The Lighting Controls Innovation Award was created in 2011 as part of the Illuminating Engineering Society’s Illumination Awards program, which recognizes professionalism, ingenuity and originality in lighting design. LCA is proud to sponsor the Lighting Controls Innovation Award, which recognizes projects that exemplify the effective application of lighting controls in nonresidential spaces.
This month, we will explore the lighting control solution applied to the spire topping One World Trade Center in New York City. Lighting control design by Claude R. Engle, lighting designer, and Skidmore, Owings & Merrill’s Nicole Dosso, architect. Photography Michael Lee and Scott Hali.
The massive spire atop 1WTC is illuminated along its full 408-foot span, culminating in a rotating beacon at the top. That beacon, designed to be reminiscent of a light house, was originally anticipated to feature xenon lighting, as LED technology of the time was insufficient.
However, the lighting team ultimately collaborated with manufacturers to develop an LED solution that increased energy efficiency and allowed for safer, more cost effective maintenance. Together they delivered a custom beacon array featuring 50w LED modules designed to fit inside a glass capsule sitting at the top of the 1776-foot spire.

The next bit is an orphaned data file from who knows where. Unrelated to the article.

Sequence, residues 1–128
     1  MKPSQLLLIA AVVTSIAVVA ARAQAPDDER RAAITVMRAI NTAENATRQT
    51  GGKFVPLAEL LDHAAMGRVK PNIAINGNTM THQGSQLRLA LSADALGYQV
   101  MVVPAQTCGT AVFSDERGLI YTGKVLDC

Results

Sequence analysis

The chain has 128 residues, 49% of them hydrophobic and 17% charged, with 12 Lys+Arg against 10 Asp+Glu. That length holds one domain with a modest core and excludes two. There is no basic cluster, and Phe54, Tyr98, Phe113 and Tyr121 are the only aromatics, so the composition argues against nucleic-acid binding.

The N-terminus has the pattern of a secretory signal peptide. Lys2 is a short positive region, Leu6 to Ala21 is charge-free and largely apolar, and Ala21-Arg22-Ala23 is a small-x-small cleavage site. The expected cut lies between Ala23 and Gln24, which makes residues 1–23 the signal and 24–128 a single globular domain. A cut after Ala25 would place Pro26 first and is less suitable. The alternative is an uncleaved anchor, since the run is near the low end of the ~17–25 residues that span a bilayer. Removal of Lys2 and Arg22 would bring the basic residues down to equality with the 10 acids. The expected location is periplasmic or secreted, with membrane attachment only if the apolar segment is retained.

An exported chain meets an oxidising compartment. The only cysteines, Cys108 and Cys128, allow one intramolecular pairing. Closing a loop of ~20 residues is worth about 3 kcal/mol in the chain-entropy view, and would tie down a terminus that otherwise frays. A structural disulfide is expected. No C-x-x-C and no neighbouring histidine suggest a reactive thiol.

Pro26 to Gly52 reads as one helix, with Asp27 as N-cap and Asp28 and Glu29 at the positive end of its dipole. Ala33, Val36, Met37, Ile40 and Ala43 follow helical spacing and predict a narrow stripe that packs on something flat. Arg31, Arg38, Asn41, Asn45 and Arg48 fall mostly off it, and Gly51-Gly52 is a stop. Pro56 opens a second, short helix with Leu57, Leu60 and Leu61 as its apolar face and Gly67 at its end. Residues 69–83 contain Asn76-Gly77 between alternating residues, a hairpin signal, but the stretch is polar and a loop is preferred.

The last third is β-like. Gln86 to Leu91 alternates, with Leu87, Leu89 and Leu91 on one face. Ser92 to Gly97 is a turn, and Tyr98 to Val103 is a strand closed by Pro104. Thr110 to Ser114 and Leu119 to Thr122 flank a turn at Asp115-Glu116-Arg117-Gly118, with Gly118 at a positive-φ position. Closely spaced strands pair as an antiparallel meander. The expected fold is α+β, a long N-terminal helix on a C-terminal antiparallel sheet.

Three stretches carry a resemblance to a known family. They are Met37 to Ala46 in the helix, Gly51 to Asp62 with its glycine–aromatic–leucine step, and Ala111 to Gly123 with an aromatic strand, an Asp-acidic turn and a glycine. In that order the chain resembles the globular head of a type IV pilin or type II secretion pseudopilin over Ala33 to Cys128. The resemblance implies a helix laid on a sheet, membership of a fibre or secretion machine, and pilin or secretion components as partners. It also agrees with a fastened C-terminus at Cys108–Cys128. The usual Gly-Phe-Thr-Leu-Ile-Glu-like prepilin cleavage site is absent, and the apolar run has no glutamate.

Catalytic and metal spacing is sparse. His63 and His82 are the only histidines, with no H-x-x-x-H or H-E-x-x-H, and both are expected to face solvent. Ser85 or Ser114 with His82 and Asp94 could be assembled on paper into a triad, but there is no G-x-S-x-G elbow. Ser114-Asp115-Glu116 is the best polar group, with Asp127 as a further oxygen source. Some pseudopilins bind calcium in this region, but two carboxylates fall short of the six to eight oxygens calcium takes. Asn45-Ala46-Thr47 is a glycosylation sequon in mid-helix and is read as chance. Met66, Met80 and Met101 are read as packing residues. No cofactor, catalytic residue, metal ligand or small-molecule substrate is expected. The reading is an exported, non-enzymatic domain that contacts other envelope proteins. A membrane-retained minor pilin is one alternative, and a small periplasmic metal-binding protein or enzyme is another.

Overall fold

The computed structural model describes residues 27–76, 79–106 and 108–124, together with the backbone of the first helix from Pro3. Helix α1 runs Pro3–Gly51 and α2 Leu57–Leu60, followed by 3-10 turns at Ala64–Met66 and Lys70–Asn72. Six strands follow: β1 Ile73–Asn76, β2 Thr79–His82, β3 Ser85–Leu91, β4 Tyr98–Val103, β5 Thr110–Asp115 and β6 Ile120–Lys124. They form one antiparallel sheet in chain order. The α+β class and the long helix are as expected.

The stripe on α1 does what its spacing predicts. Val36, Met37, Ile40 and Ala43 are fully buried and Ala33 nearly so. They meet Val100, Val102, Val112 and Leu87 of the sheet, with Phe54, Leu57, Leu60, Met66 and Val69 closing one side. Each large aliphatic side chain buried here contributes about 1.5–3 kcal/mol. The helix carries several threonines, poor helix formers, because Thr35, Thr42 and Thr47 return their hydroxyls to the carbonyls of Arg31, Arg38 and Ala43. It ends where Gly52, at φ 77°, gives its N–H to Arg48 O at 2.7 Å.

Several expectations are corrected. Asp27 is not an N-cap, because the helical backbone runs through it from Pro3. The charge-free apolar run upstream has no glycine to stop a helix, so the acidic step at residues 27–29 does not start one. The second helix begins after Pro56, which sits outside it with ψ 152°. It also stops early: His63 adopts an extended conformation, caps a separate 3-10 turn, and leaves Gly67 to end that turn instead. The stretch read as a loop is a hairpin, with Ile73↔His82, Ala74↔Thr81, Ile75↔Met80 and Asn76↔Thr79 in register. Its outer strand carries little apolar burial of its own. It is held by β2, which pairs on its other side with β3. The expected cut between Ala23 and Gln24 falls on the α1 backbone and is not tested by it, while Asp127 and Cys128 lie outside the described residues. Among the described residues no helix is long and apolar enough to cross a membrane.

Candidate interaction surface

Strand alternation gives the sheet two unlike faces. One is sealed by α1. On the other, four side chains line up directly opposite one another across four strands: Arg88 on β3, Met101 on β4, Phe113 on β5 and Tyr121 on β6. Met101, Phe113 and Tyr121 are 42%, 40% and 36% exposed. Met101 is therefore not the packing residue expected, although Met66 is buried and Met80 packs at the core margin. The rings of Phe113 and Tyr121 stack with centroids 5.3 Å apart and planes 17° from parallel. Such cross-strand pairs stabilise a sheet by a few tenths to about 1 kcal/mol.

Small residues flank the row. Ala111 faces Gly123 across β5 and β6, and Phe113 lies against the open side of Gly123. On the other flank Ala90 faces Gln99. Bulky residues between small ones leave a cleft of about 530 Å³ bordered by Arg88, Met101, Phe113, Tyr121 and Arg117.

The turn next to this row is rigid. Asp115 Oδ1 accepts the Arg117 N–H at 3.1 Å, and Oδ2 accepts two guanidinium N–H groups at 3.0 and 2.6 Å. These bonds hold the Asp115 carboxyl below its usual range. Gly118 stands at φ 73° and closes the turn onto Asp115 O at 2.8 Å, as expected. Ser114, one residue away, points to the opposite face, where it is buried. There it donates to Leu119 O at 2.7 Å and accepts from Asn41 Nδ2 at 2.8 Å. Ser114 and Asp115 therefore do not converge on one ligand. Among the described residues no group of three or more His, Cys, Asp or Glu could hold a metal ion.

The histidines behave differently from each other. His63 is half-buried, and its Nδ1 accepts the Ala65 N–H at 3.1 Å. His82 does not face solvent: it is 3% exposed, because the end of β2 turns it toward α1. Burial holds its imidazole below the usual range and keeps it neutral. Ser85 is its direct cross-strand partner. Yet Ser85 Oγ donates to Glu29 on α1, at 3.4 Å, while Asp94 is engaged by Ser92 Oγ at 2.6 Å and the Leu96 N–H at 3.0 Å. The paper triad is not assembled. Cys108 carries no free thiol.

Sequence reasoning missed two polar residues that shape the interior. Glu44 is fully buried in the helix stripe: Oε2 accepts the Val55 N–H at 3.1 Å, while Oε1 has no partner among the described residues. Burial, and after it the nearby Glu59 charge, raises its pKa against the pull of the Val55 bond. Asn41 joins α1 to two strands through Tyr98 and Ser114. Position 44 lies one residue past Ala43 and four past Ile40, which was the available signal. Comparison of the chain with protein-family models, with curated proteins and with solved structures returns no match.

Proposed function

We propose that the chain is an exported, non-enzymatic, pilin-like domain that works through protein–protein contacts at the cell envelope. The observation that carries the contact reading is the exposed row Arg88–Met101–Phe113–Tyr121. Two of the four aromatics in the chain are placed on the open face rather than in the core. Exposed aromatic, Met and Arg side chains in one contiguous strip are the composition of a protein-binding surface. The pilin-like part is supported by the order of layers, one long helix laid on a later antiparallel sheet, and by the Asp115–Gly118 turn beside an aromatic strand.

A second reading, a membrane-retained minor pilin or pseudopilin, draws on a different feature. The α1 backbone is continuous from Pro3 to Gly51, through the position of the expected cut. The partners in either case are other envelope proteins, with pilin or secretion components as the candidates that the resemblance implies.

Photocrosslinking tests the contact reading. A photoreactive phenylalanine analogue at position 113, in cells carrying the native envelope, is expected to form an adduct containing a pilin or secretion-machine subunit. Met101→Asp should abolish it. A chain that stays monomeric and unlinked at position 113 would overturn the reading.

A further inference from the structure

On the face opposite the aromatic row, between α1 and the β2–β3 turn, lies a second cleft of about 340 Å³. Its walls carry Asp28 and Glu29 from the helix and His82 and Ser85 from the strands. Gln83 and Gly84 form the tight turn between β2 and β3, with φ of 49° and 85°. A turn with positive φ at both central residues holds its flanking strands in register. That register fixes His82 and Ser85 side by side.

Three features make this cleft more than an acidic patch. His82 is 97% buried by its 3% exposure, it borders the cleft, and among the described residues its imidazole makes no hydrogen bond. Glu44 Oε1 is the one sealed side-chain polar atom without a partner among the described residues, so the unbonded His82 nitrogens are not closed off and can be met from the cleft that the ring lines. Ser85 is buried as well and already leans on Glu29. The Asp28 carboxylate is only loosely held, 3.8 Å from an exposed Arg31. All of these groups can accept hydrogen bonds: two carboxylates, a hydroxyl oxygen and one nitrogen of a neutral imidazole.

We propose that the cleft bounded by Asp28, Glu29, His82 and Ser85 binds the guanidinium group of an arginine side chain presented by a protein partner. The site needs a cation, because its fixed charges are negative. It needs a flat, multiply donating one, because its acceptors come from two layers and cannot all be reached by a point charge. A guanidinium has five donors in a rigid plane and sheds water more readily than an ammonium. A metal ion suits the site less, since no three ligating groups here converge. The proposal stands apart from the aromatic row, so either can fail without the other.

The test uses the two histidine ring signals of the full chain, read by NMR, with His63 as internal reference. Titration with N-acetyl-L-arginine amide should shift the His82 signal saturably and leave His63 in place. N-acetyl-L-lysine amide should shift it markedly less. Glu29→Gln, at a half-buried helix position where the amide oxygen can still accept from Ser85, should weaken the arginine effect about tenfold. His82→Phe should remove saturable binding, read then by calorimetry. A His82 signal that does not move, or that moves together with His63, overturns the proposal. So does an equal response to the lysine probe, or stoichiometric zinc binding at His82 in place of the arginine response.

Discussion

The slew bearing motor assembly within the capsule allows the mirror to rotate 1.5 times per minute and output over 300,000 lumens on two opposing directions.
Along the spire as a whole,The final uplight design includes (124) state of the art LED color-changing fixtures. These feature onboard status monitoring and diagnostic capabilities.
The fully integrated control system includes a web based graphical user interface capable of monitoring the self diagnostic lighting fixtures, motor assembly, relay panels and weather station.
The conditional logic monitors weather conditions and overrides the time clock when necessary. Real-time reporting messages are emailed to the building maintenance staff eliminating the need to climb the 408-foot spire for troubleshooting.
The centralized computer provides various color selections which range from single color to dynamic color sequencing, as well as a “strobe on command” capability.
This energy efficient design features the only LED beacon in the world, and incredibly innovative RGB LED uplight fixtures, and has become an iconic part of New York City’s skyline.
Of the design, Anthony Wood of the Council on Tall Buildings and Urban Habitat said, “… the spire which holds the beacon light, shining out at the symbolic height of 1776 feet, is especially poignant.”